Headgear

At times, more than braces are needed to provide effective orthodontic treatment. In these cases, your orthodontist may recommend use of orthodontic headgear.

Orthodontic headgear refers to a type of appliance that is worn partly outside the mouth. Its design and external position provides the force necessary to properly move the teeth and guide the growth of facial and jawbones.

What types of headgear are available at the Yuba City Dentistry Group? And what role does a patient play in its effectiveness?

Headgear Types

Orthodontic headgear comes in many different shapes and sizes, and is used for a variety of purposes. A few of them are listed here.

Cervical pull:

This appliance consists of a U-shaped wire that attaches to your back teeth, and includes a strap to be worn behind the neck.  It is typically used to correct an excessive horizontal overbite, also known as an “overjet”. It works by slowing down the growth of the upper jaw.

Cervical pull headgear may also be used to help maintain a proper bite and correct tooth spacing following a tooth extraction. The appliance is designed to be worn for approximately 12-14 hours a day in most cases.

High pull:

This headgear is similar to the cervical pull appliance; however, the strap is worn over and behind the head as opposed to behind the neck. It is used to address the same problems as cervical pull headgear and principally works in the same way.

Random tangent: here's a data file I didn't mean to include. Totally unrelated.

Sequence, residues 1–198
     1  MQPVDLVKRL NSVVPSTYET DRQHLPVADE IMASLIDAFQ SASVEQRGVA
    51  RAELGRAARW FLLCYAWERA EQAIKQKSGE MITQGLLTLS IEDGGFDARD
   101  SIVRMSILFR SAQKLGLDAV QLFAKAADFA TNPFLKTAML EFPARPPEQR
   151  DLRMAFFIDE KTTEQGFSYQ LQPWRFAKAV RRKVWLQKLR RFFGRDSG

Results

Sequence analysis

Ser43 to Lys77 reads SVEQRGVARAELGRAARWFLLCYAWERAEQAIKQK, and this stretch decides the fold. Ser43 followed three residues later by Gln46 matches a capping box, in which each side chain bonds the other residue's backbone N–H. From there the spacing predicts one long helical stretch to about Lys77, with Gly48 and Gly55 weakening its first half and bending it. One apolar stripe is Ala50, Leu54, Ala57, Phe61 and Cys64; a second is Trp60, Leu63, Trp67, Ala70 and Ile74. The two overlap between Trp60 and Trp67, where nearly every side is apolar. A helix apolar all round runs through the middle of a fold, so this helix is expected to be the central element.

Reverse pull (facemask):

This type of headgear consists of two pads connected by a vertical frame. One pad is designed to rest on the forehead and the other on the chin. Elastics or wires (connecting the frame to the braces) are used to exert pulling force.

Reverse pull headgear is typically used to correct an underbite. It works by gently pulling the upper jaw forward, to help it catch up with the lower jaw. A patient may need to wear this headgear between 14-16 hours a day.

The Patient’s Role

As you can imagine, it’s completely normal to experience some discomfort when beginning to wear orthodontic headgear. However, this discomfort usually disappears after a few days. (Over-the-counter pain relievers can help manage minor pain.)

In order for orthodontic headgear to work, a patient must use it as directed by the dentist. This means wearing it for the full time specified. If a patient misses wearing the appliance for just one day, it could completely negate the effect of the previous seven days!

It is common to experience general soreness and even the feeling that the first molars are a little loose. Not only is this normal, it demonstrates that the headgear is doing its job. However, if you are in unusual pain, part of the appliance becomes loose, or the headgear suddenly doesn’t fit properly, you should contact your dentist as soon as possible.

Well Worth It

Wearing orthodontic headgear may not be convenient in the beginning, and it definitely takes some getting used to. But it’s important to remember that while wearing such an appliance is temporary, the resulting benefits of a healthy mouth and beautiful smile aren’t. And that’s well worth the effort!
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